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156
SONGS FOR
BOYHOOD.
HOW SLEEP THE BRAVE!
William Collins.
How sleep the brave who sink to rest, By all their country's wishes blest! When Spring, with dewy fingers cold, Returns to deck their hallowed mold, She there shall dress a sweeter sod Than Fancy's feet have ever trod.
By fairy hands their knell is rung, By forms unseen their dirge is sung. There Honor comes, a pilgrim gray, To bless the turf that wraps their clay; Aud Freedom shall awhile repair, To dwell a weeping hermit there.
My flights soon find a fall. My fears prevail, my fancies droop; Joy never cometh with a hoop,
Aud seldom with a call!
My foot-ball's laid upon the shelf; I am a shuttlecock myself,
The world knocks to and fro; My archery is all unlearned, And grief against myself has turned
My arrows and my bow !
No more in noontide sun I bask; My authorship's an endless task ;
My head's ne'er out of school. My heart is pained with scorn and slight: I have too many foes to fight,
And friends grown strangely cool!
The very chum that shared my cake Holds out so cold a hand to shake,
It makes me shrink and sigh. On this I will not dwell and hang; The changeling would not feel a pang,
Though these should meet his eye.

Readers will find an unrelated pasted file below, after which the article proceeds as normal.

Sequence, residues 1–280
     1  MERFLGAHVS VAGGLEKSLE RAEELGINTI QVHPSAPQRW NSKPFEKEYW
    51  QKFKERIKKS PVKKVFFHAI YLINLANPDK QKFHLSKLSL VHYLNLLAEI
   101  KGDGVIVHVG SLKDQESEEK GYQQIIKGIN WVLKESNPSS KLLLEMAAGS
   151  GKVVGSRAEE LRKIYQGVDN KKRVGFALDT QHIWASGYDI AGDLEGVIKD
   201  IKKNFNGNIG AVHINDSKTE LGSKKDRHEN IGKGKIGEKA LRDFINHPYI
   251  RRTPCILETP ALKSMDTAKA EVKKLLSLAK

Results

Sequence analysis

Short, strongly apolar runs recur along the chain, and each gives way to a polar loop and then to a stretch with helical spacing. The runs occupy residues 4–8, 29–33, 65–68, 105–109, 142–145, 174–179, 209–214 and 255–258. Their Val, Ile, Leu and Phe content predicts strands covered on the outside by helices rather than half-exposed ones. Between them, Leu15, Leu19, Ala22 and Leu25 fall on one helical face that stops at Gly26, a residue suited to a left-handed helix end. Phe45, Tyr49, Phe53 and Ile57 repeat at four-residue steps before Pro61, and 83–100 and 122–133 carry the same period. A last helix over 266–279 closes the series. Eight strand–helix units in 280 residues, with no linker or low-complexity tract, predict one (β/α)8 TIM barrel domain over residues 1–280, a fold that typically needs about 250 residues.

No skies so blue or so serene
As then ; no leaves look half so greeu
As clothed the play-ground tree! All things I loved are altered so, Nor does it ease my heart to know
That change resides in me!
Oh for the garb that marked the boy, The trousers made of corduroy,
Well inked with black and red; The crownless hat, ne'er deemed an ill� It. only let the sunshine still
Repose upon my head!
Oh for the ribbon round my neck, The careless dog's-ears apt to deck
My book and collar both! How can this formal man be styled Merely an Alexandrine child,
A boy of larger growth ?
~-t
Oh for that small small beer anew,
And (heaven's own type) that mild sky-blue,
That washed my sweet meals down! The master even, and that small Turk That fagged me�worse is now my work�
A fag for all the town !
A RETROSPECTIVE REVIEW.
Thomas Hood.
Oh, when I was a tiny boy,
My days and nights were full of joy,
My mates were blithe and kind! No wonder that I sometimes sigh, And dash the tear-drop from my eye,
To cast a look behind!
A hoop was an eternal round
Of pleasure. In those days I found
A top a joyous thing. But now those past delights I drop; My head, alas! is all my top,
And careful thoughts the string!
My marbles�once my bag was stored; Now I must play with Elgin's lord,
With Theseus for a taw! My playful horse has slipped his string, Forgotten all his capering,
And harnessed to the law!
My kite�how fast and far it flew ! While I, a sort of Franklin, drew
My pleasure from the sky! 'Twas papered o'er with studious themes, The tasks I wrote : my present dreams
Will never soar so high!
My joys are wingless all and dead; My dumps are made of more than lead ;







E-Book - An Annotated Compendium of Old Time American Songs by James Alverson III